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Yes - Open Your Eyes  CD (album) cover

OPEN YOUR EYES

Yes

 

Symphonic Prog

2.04 | 583 ratings

From Progarchives.com, the ultimate progressive rock music website

Anthony H.
Prog Reviewer
2 stars Yes: Open Your Eyes [1997]

Rating: 4/10

After the sublime Keys to Ascension albums, it seemed like Yes had finally left their pop-rock dabbling behind. Those two albums represented a glorious return home, and it appeared that Yes was there to stay. However, the band quickly decided to embark on another inexplicable journey into mediocrity. That journey is Open Your Eyes. Much of the material on this album was originally intended to be part of a Squire/Sherwood collaboration called Conspiracy, but Anderson's interest turned it into a full Yes project. Open Your Eyes is a pop/hard-rock venture. It's similar to Union in many ways, even though it's a significant improvement over that album; there are some enjoyable moments here.

The opener "New State of Mind" is a heavy rock song centered upon an uncreative riff and vocal harmonies. The title track is an entirely vocally-driven pop song. It's nothing special at all, but I do like the chorus. The classical guitar intro to "Universal Garden" is a high point on the album. The rest is neither great nor terribly objectionable. "No Way We Can Lose" certainly doesn't contain any groundbreaking songwriting or musicianship, but it's too uplifting to inspire any sort of strongly negative reaction. "Fortune Seller" is another dull pop-rock song, even though Howe does do some decent work here. "Man on the Moon" is centered on a simple synth riff and is darker in tone. While indeed nothing amazing, it has subjective charm for me and is one of my favorites on the album. "Wonderlove" features unbelievably lame lyrics and boring musicianship. "From the Balcony" is a short ballad with decent acoustic guitar and crooning. The weak lyrics throw the song off, however. "Love Shine" is another vocally-driven pop-rock song. The "One Two Three Four Five Six Seven" sections are epitomes of lazy songwriting for the band. "Somehow, Someday" improves things; although stylistically similar to the rest of the album, it's uplifting and competently written. "The Solution" is another dull pop-rock song followed by a useless sixteen-minute hidden track of nature sounds.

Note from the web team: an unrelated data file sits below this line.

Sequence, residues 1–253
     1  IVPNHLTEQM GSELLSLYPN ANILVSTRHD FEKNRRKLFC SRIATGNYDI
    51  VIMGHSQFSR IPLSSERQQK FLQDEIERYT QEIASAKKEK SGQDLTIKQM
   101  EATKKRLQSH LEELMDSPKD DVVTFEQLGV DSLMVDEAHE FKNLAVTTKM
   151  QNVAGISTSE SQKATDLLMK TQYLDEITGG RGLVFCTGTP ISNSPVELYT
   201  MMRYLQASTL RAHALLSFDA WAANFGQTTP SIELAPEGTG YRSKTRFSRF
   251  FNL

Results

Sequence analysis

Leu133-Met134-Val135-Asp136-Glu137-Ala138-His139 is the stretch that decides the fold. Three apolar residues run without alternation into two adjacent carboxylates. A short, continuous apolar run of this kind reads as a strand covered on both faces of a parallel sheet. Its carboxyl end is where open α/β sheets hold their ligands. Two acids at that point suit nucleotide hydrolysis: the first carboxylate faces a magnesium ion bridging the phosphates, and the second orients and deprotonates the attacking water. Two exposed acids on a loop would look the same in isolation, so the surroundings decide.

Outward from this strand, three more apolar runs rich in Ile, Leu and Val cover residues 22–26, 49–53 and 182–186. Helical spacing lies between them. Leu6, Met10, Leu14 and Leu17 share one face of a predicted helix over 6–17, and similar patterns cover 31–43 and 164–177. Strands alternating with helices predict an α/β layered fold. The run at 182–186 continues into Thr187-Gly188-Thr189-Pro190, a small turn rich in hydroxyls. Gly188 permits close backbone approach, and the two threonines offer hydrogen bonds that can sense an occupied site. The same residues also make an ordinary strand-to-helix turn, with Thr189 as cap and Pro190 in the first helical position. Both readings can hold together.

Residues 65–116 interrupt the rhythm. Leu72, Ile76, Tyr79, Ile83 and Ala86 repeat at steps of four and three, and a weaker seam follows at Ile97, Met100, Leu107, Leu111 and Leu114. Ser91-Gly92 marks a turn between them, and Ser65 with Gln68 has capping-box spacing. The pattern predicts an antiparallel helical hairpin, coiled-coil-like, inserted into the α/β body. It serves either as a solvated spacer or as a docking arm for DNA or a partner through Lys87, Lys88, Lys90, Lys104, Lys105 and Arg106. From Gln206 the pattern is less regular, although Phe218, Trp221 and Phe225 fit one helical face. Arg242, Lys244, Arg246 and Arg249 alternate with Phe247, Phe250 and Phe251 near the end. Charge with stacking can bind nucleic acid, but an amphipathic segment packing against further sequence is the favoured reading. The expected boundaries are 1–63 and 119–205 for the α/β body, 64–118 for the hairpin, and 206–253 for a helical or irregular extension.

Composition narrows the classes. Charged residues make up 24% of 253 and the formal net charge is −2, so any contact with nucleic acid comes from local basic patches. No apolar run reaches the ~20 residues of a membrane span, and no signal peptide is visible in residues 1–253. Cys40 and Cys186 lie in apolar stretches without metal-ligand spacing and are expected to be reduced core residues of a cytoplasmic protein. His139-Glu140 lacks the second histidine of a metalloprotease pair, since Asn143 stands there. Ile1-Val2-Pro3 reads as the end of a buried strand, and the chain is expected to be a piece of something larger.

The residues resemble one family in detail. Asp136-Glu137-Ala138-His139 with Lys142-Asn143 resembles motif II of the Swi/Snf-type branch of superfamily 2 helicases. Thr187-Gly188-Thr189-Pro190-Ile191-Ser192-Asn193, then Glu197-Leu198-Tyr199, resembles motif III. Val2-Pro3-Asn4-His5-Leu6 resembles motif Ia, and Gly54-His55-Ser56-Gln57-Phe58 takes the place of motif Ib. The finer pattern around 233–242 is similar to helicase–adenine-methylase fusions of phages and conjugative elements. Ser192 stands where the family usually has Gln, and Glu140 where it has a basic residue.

Unlike many people, I don't consider Open Your Eyes to be Yes's worst album. It's surely the most disappointing considering Yes's status prior to its release, but there are some pleasant moments and nothing is entirely unlistenable. Regardless, it's an extremely mediocre album, and it's hard to understand why these incredible musicians, unrestricted by 80s cultural trends, settled for something this sub-par.

Anthony H. | 2/5 |

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